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We say 'No' to 20,000 houses on the Green Belt

25 February 2020

In the 2012 local elections, the Coventry Green Party wants a housing plan that meets local needs without destroying green field land.

Stephen Gray, candidate for Holbrook ward for the Coventry Green Party, said:

"In Coventry, there are hundreds of empty properties that need refurbishing and bringing back into use with affordable rents. These should be the priority, then new build.

"Any new build has to be affordable housing on brownfield sites within the city." (1)

Brownfield sites include the former GEC Marconi site (Binley Road/Allard Way), derelict factories along the Coventry Canal, the Coventry and Warwickshire hospital site, and the old Peugeot factory.

Gray continued: "What is key is that housing in Coventry needs to be near to jobs, and it has to be affordable, low-carbon, energy-efficient, and along public transit routes with reliable times and frequent service.

He concluded: "What Coventry needs in the 2012 local election campaign is strong local high streets, support for small business, creating jobs in Coventry, and low-carbon affordable homes for families in our city." (2)

The Coventry Green Party is running 17 candidates in this year's local elections, more than the Coventry Liberal Democrats for the 2nd straight year. In 2011, the Greens received 4121 votes across the city, missing 3rd place city-wide by 200 votes.

greenbelt campaign

Notes

1) The Coventry Green Party favours focused development on brownfield sites in Coventry, on areas in need of development, so-called "spokes," outlined in the 'September 2011 Issues and Options' document from Coventry City Council.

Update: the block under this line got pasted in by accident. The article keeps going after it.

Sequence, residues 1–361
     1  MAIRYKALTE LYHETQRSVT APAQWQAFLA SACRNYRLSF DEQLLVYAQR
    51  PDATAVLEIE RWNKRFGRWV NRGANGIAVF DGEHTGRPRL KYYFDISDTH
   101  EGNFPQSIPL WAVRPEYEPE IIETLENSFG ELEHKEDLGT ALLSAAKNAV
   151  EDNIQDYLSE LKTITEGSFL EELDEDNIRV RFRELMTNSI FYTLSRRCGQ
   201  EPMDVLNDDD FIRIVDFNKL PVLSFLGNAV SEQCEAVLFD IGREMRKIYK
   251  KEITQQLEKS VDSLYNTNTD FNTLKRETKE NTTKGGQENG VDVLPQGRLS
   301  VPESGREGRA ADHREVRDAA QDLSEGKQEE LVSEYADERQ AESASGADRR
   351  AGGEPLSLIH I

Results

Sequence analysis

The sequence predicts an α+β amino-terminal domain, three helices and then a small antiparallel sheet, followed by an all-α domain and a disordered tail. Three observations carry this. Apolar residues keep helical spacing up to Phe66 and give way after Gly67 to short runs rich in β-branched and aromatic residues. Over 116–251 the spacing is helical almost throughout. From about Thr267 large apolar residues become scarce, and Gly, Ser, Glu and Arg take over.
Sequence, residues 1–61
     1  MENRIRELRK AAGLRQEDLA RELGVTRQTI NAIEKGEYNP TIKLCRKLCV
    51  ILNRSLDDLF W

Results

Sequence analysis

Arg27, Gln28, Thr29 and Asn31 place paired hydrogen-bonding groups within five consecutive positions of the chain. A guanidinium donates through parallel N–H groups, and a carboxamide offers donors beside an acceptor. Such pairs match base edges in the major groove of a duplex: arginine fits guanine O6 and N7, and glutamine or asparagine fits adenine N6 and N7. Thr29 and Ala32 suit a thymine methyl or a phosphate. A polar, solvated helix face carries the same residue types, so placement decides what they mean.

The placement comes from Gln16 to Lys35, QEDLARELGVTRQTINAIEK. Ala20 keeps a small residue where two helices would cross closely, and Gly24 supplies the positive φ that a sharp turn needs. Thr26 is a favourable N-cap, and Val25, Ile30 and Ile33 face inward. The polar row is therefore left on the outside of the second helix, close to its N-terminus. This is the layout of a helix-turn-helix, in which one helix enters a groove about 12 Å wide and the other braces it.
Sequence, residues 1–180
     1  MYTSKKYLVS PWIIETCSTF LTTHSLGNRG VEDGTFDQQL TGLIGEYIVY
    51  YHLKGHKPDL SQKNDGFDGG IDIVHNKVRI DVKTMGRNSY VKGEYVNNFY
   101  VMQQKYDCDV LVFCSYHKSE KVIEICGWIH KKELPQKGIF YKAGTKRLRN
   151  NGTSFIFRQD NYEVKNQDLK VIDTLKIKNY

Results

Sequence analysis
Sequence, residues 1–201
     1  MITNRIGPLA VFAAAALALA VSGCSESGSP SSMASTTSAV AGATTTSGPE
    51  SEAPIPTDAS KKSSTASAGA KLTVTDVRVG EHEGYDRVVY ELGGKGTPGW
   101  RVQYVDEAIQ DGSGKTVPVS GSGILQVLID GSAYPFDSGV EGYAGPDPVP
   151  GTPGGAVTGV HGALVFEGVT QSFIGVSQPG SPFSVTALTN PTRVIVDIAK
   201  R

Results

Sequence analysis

Coventry City Council has put out for consultation three options, for the amount and location of housing to be built between now and 2028:

i) 9,000 houses, built entirely on brownfield sites
ii) 11,000 houses, built entirely on brownfield sites
iii) 20,600 houses, which would involve building on greenfield sites, and potentially, the Green Belt

The third option of 20,600 houses/greenfield sites is based on data from the Office for National Statistics.

However, those numbers were published in 2010, and were based on economic surveys done in 2008, before the recession produced a drastic downturn, and the lack of growth which we have seen recently.

2) Housing needs to be low-carbon, affordable and built on brownfield sites. House prices in Coventry, either to rent or buy, are unaffordable. Currently the average price of a house is 5.5 times average income, meaning most young families with children simply cannot afford housing.






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